Kim Jiyoung, Born 1982 by Cho Nam-Joo

Contemporary, 176 pages, published in 2016

After quitting her job to have a baby and be a full time mother, Kim Jiyoung starts flawlessly impersonating other women. Her concerned husband sends her to a male psychartist in order to get this odd behavior checked out.

Spoiler Free Review:

Rating: 5 out of 5.

Content Warnings: sexism, sexual harassment, depression

I have been so excited to review this book because I had such strong feelings towards it! I randomly saw it and was intrigued by the cover, so I read the blurb and was sold.

I know this book is not going to be for everyone. The story follows fictional Kim Jiyoung’s life, but there are so many instances in her life that many women can relate to and see themselves in. This book feels kind of like a mixture of fiction and non-fiction, because there are occasional footnotes with sources for facts. I don’t really feel like I got to know Kim Jiyoung as an individual, but that was kind of the point because the story is more about her experience as a woman growing up in South Korea than it is about her as a person.

As Kim Jiyoung grows up, the reader gets to see all the ways that she is discriminated against, both ingrained in the system and culture and overtly. She has a brother who constantly gets new things and even more food, while she gets secondhand items. She and her peers have to fight their way to just getting the same treatment as the boys in her class.

The world has changed a great deal, but the little rules, contracts, and customs had not, which meant the world hadn’t actually changed at all.

-pg. 119

I think one reason why this book impacted me so much is because it just feels so validating to see that others have experienced things that you have experienced (and fear). Kim Jiyoung enjoys her career, but ultimately has to give it up in order to be a mother, but by doing so, she loses respect from almost everyone around her, even though it wasn’t even necessarily her desire to have a child.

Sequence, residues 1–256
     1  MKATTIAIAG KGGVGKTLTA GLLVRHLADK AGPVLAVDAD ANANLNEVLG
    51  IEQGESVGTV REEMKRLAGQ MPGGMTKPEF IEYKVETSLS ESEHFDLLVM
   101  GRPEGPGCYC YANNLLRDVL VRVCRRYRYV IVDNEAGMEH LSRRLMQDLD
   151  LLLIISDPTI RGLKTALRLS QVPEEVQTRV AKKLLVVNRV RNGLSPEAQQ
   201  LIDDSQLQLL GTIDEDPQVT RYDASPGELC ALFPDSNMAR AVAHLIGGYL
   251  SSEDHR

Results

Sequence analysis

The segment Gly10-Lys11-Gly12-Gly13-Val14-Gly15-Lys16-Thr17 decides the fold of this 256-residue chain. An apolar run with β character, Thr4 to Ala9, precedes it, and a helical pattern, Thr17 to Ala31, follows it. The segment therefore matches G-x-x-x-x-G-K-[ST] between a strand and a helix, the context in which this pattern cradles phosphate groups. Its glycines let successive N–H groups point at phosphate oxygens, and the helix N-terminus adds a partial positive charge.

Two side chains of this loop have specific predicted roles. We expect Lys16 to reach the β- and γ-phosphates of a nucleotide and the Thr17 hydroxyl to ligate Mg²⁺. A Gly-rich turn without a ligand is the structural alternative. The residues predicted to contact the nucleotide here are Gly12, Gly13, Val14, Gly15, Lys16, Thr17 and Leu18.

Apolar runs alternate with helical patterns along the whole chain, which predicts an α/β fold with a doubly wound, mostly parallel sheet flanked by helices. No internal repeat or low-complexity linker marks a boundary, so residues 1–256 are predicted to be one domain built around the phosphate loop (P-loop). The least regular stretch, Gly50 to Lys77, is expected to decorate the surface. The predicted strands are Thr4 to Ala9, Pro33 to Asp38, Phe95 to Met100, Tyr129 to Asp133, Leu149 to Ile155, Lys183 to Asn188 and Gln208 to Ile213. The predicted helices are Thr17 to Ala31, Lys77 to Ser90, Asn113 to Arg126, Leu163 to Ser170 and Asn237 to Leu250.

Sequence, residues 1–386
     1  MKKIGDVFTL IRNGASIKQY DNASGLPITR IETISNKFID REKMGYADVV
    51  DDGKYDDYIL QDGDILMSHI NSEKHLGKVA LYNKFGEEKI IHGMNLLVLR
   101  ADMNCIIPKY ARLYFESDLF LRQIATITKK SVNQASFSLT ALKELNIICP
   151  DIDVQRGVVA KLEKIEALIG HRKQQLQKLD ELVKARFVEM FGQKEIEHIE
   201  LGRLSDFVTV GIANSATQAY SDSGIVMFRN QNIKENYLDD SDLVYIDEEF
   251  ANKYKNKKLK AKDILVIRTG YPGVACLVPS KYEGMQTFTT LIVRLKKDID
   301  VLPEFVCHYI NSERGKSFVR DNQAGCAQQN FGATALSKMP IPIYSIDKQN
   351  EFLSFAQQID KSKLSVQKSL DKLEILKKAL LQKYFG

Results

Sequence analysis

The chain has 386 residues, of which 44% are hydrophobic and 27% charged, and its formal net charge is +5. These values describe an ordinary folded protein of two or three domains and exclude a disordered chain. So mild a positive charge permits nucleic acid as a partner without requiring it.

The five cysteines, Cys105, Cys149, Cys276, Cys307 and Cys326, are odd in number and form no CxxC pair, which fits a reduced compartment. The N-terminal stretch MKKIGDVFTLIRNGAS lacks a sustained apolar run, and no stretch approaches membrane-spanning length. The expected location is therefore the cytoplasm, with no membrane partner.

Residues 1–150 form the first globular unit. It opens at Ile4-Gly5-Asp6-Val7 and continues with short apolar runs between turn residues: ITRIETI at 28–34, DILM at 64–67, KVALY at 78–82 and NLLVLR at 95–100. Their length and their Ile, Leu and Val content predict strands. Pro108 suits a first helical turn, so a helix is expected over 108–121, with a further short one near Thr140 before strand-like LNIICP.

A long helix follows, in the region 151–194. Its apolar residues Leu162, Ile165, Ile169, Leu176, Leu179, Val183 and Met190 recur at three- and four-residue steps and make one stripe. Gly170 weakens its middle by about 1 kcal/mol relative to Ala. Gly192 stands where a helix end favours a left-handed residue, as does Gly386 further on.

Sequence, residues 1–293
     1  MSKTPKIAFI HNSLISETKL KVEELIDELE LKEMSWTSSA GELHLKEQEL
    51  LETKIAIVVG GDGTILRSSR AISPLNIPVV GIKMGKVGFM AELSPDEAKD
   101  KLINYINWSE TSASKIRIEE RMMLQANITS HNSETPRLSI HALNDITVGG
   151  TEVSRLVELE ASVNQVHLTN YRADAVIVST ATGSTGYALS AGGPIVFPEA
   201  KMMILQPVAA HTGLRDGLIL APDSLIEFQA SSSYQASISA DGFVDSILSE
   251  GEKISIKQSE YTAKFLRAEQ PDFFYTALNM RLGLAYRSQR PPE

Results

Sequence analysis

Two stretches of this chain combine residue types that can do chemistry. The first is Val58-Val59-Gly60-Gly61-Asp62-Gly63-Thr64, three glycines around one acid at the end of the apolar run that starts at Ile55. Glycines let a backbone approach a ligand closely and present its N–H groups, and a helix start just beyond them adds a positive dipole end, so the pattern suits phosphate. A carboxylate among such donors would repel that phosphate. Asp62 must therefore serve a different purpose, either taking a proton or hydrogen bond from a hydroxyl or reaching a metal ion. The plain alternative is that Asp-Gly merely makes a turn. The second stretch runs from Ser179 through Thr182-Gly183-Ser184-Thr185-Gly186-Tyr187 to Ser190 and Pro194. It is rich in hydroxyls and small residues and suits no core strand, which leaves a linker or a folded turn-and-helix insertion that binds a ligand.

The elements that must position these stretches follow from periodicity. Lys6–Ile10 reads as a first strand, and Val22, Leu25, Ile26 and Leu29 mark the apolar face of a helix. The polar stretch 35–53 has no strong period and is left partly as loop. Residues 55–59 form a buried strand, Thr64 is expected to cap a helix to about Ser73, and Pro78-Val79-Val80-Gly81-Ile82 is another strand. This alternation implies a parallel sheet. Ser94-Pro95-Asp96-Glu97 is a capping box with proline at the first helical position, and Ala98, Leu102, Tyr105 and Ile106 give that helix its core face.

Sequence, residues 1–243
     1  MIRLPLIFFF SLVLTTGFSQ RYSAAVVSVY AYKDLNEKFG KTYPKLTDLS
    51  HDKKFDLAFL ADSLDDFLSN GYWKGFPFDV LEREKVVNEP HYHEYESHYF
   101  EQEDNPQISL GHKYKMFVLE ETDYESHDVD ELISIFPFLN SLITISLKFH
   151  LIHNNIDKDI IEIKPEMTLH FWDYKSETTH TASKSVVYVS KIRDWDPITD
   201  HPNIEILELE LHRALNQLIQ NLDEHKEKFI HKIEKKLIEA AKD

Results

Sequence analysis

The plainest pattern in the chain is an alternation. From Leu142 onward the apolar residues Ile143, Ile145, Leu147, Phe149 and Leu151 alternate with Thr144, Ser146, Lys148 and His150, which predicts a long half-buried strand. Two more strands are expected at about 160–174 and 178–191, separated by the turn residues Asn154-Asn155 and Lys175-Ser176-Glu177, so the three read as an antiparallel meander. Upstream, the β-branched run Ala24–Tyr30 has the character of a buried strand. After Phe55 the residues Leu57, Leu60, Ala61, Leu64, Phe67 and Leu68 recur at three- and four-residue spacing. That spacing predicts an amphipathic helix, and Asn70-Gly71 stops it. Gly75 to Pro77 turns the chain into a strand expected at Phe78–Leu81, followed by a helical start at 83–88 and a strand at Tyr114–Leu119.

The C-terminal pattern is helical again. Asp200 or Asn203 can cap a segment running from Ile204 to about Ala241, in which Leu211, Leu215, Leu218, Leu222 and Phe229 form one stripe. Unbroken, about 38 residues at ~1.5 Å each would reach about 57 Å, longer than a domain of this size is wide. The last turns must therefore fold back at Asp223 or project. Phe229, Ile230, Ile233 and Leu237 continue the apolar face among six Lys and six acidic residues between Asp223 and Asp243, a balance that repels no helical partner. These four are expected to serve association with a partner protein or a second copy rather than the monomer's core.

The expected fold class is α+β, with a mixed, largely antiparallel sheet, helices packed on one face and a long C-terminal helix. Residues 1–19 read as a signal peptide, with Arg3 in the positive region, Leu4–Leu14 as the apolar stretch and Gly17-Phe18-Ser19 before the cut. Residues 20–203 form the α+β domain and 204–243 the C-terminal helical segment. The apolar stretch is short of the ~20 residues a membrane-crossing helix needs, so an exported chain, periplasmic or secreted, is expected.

I am not Korean and I’m not super knowledgeable about what it’s like to actually live in South Korea, but I think this book does a good job of showing what a woman’s life is like in South Korea, or at least a peak into what it could be like. Not only are women harassed and judged by their male peers, but they are also pressured by female relatives and friends to conform to the standards of society.

The ending of this book literally gave me chills. I won’t say what it was, but I still think about it all the time.

This is one of the only translated works I have read, and I think the translation was good! I saw some reviews saying that things got lost in translation, but I don’t feel that way.

I just saw that a movie was made out of this book and I definitely plan to watch it! I’m curious to see what was changed since the format of this book doesn’t seem super conducive to making a movie.

I really think more people should read this, especially since the English translation just came out this year. This book is a massive hit in South Korea, becoming the most borrowed book from the library in 2018 and 2019. According to Wikipedia, it is one of the most important feminist novels in Korean. It is quite short and easy to read, but either way, I think the impact is worth it.

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3 thoughts on “Kim Jiyoung, Born 1982 by Cho Nam-Joo

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